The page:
NORMANDY, France — More than 20 British veterans of World War II gathered Sunday near Pegasus Bridge in Northwestern France to honor the troops who landed in Normandy on June 6, 1944.
Nearly 160,000 troops from countries including Britain, the United States, and Canada took part in the Allied invasion.
Veterans, their families, and French and international visitors disregarded the rainy weather to take part in a series of events over the weekend and on Monday for the 78th anniversary of D-Day.
Monday's events included a full-scale reenactment of the Normandy invasion.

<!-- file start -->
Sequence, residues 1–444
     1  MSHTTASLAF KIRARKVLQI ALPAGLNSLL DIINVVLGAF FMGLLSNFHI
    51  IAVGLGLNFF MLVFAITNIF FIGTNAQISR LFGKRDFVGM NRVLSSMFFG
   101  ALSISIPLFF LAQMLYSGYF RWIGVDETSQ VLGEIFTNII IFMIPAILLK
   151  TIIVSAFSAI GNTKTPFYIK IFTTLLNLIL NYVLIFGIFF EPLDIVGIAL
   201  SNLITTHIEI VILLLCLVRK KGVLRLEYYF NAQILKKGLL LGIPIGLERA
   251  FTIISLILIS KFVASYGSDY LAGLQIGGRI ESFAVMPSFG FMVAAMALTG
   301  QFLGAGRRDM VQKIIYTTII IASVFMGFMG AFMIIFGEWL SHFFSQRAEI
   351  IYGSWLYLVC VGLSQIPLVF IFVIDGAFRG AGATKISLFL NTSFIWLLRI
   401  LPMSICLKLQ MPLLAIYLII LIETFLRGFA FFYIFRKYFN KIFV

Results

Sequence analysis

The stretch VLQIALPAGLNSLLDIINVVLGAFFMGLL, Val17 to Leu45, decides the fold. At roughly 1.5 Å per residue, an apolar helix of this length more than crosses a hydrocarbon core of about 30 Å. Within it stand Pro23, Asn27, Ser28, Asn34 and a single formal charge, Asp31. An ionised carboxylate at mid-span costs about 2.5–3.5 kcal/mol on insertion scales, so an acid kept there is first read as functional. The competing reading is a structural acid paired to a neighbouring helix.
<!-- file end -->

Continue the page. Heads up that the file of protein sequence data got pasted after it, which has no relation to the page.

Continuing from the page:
The men whose lives were lost were uppermost on the minds of many participants.
"The first thing we remember are the poor lads that didn't come back," said British veteran Peter Smoothy. "We were lucky. I'm 97 now, but we think about all those poor lads that didn't get off the beach that day. That was their last day. But they're always in our minds."
On that single day, more than 4,400 Allied soldiers lost their lives — 2,501 of them were Americans.
This year's D-Day commemorations came after two successive years of COVID pandemic-related restrictions.